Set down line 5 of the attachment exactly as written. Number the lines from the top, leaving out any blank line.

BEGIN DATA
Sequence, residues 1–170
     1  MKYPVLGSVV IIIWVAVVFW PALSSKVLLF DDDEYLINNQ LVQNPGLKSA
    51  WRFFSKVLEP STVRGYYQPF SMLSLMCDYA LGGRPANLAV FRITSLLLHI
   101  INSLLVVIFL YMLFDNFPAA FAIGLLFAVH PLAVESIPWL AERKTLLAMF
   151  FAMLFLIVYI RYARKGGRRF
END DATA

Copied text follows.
   151  FAMLFLIVYI RYARKGGRRF